2019 marks 25 years since Chattahoochee Riverkeeper got its start by forcing the City of Atlanta to upgrade the city’s failing storm and sewer collection and treatment system. Since 1994, the organization has grown significantly—taking on more cases to protect the river and expanding the tools available for fulfilling its mission with watershed-wide trash cleanups, on-the-water educational programs, weekly water quality testing and so much more.
As we have grown, so too have the communities that depend on the river. The Chattahoochee begins by quietly bubbling up out of its source spring above Helen and progresses to become a powerful waterway, sustaining countless industries, wildlife and recreational pursuits, all while providing drinking water to more than five million people. What better way to celebrate our shared evolution than by charting the river’s entire course—all 435 miles of it?
CRK’s Relay Down the Hooch is a 435-mile, Olympic-torch-style river relay from the Chattahoochee’s source in the north Georgia mountains down to the Florida border. By engaging more than 25 partner organizations, outfitters, advocates and other stakeholders throughout the journey, the year-long event is drawing well-deserved and much-needed attention to the many ways that people experience the river.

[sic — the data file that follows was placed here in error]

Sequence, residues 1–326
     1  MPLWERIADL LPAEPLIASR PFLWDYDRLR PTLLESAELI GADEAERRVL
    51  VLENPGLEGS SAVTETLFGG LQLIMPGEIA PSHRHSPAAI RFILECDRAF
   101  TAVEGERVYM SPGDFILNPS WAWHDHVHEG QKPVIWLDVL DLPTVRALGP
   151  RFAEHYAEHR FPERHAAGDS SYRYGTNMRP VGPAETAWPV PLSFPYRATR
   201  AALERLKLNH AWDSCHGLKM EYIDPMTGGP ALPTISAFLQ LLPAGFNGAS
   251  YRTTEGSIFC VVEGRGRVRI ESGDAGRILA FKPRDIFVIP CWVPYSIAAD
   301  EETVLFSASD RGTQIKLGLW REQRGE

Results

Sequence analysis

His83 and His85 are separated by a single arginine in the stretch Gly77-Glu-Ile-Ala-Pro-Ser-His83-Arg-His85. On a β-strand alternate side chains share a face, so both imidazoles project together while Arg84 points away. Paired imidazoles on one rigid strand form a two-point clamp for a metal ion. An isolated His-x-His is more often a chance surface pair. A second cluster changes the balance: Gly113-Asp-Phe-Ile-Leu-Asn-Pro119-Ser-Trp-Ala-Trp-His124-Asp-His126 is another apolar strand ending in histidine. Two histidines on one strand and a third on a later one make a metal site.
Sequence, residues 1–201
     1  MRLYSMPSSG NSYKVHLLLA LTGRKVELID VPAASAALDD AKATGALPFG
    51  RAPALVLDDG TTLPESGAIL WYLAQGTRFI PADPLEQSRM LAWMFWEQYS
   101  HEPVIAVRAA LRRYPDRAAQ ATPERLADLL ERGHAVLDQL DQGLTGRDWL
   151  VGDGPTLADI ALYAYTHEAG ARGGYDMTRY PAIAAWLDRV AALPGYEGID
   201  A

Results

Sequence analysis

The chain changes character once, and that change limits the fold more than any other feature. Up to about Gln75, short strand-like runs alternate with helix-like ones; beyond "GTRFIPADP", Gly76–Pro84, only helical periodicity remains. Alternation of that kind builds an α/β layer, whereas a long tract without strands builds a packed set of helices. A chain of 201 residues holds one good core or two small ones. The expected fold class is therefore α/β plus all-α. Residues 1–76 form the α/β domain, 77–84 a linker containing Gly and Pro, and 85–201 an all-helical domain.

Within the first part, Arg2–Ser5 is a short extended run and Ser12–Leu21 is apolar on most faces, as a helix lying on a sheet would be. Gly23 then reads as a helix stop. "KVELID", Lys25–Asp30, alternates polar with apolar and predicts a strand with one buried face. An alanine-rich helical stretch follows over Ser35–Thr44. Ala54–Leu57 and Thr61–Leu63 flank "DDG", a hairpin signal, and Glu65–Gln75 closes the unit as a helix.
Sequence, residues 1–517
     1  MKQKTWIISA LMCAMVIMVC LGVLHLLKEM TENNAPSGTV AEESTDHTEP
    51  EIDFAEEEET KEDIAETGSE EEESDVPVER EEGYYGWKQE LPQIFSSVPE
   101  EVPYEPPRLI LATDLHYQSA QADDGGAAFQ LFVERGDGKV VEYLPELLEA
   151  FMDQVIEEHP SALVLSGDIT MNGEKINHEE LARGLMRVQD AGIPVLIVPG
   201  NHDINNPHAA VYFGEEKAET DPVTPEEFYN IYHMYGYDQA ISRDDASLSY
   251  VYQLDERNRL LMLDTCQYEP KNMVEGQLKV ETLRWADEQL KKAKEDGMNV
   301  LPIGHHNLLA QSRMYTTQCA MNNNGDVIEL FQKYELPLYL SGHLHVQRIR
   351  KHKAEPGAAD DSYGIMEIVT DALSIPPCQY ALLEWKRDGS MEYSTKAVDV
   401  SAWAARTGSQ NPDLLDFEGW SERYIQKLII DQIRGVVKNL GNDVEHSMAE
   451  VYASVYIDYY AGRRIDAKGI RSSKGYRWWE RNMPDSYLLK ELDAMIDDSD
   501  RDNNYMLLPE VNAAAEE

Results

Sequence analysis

“We are thrilled to invite our partners to join in a year-long river patrol,” said Riverkeeper Jason Ulseth, who will be leading patrols on many rarely explored sections of the river in South Georgia. “We have made tremendous progress in water quality improvements and this is an opportunity to celebrate the river’s revival.
To touch each and every mile of the river is no easy feat. Hannah Warner, CRK Headwaters Outreach Director, led several sections from the source down to Lake Lanier. “The Headwaters section is where the tumbling rapids and the wild, untamed river changes form,” she said. “This is where the Chattahoochee River becomes known as Lake Sidney Lanier; without the lake, Hall County and Atlanta would look a lot different.
As the river flows south into the more densely populated northern Atlanta suburbs, it is faced with a number of stressors, many of which CRK Outings Manager Tammy Bates sees firsthand. “Despite all the people who enjoy the park, we still see trash and polluted stormwater runoff in this segment on a regular basis,” said Tammy. “We hope that the Relay will help raise awareness of the issues this area faces.”
A custom paddle carved from sassafras wood serves as the Relay’s baton, and is being passed among an amazing cast of CRK partners as together we make our way down the entire river. All are welcome to follow along as participants “pass the paddle” from community to community until the Relay concludes in October 2019.
This story originally appeared in our Summer 2019 edition of RiverChat.
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